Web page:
Genelex Exec: FDA Too Slow to Regulate LDTs

The company's COO said FDA can't keep up with the pace of innovation in genetic testing and charged that giving the agency domain over laboratory-developed tests will only increase costs.

March 17, 2015

2 Min Read
Genelex Exec: FDA Too Slow to Regulate LDTs

Jamie Hartford

An executive at pharmacogenetic testing firm Genelex blasted FDA’s proposal to regulate laboratory-developed tests, saying oversight from the agency will only serve to make personalized medicine more expensive.

“If we have to get genetic technology through the FDA, we’re going to drive the cost of care up substantially as genetic testing becomes more and more prevalent and more and more and more needed,” Kristine Ashcraft, chief operating officer at Genelex, told an audience Monday at the SXSW Interactive conference.

Ashcraft, whose company makes the YouScript Personalized Prescribing System, which combines DNA testing and a medication management system to predict drug-drug and drug-gene interactions, explained that genetic testing is advancing faster than Moore’s Law, which holds that the processing power of computers doubles annually. FDA, she said, simply can’t keep up.

But Ashcraft did admit more oversight is necessary.

“I’m not saying we don’t need a better sheriff in the molecular diagnostics industry, because we do,” she said. “But unless the FDA speeds itself up a lot, they’re not the right ones to do it.”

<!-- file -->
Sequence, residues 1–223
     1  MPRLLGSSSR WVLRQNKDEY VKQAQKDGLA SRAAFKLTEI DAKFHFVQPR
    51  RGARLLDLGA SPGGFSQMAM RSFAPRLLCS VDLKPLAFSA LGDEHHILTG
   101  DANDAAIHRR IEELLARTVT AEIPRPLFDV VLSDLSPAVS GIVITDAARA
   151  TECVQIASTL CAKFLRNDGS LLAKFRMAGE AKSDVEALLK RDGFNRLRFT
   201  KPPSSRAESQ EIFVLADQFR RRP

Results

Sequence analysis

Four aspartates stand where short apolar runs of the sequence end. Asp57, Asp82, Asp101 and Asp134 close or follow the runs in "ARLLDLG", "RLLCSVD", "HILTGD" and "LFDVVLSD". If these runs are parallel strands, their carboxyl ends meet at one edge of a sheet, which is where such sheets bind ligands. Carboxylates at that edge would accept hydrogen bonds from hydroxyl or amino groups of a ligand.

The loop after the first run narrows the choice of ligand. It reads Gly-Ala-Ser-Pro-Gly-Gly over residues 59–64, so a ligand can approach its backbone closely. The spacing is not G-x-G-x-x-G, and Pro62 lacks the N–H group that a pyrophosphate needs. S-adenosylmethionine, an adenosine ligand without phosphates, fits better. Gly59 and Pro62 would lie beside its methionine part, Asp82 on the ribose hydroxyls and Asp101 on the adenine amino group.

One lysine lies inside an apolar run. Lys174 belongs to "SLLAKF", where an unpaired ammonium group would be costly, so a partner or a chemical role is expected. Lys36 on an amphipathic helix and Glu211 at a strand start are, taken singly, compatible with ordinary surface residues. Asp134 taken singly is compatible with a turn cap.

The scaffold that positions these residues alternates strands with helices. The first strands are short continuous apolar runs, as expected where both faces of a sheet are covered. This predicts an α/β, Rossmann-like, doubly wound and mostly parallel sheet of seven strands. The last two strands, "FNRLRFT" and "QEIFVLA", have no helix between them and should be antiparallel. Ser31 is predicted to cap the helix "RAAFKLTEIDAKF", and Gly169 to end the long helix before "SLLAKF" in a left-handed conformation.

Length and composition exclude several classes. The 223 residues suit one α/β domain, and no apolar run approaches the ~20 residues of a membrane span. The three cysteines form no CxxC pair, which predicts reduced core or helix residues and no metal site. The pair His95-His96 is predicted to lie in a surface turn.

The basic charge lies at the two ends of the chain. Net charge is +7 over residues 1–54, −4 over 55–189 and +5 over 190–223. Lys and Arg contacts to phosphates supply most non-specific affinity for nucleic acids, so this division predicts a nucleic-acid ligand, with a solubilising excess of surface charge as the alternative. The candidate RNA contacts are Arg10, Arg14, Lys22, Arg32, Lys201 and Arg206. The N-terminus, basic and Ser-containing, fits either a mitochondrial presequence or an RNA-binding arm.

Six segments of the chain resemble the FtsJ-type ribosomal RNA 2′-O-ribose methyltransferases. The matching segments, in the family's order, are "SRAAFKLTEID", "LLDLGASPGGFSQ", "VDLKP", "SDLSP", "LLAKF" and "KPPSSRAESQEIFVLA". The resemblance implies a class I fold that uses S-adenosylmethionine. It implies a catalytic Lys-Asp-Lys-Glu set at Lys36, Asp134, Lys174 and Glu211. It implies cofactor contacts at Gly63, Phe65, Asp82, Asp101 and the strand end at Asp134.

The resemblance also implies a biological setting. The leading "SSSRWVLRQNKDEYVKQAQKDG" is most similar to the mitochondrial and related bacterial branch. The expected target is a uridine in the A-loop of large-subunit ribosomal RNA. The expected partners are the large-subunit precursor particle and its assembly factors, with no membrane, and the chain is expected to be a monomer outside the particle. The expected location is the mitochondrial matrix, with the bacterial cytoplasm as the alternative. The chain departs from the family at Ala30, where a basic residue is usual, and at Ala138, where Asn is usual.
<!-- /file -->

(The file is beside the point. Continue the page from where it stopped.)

LDTs, which FDA defines as in vitro diagnostics that are designed, manufactured, and used within a single laboratory, do not currently require premarket approval or clearance by the agency and are instead regulated under the Clinical Laboratory Improvement Amendments (CLIA).

“Granted, CLIA doesn’t do some of the specificity and sensitivity, clinical-utility-type stuff that they’re looking for, but they’re already in our laps,” Ashcraft said.

Asked how LDTs should be overseen, she suggested making accreditation by the College of American Pathologists (CAP) mandatory.

“CAP actually is even more stringent than CLIA,” Ashcraft said. “It’s an option, but maybe in the molecular diagnostics space CAP becomes a requirement and adds an additional layer.”

That, she said, would be a better option than putting LDTs into FDA’s domain.

“I think using the already existing agencies that manage labs rather than trying to toss molecular diagnostics into something that was designed around pharmaceuticals and devices [is preferable],” Ashcraft said.

Jamie Hartford is MD+DI's editor-in-chief. Reach her at [email protected] or on Twitter @medtechjamie.


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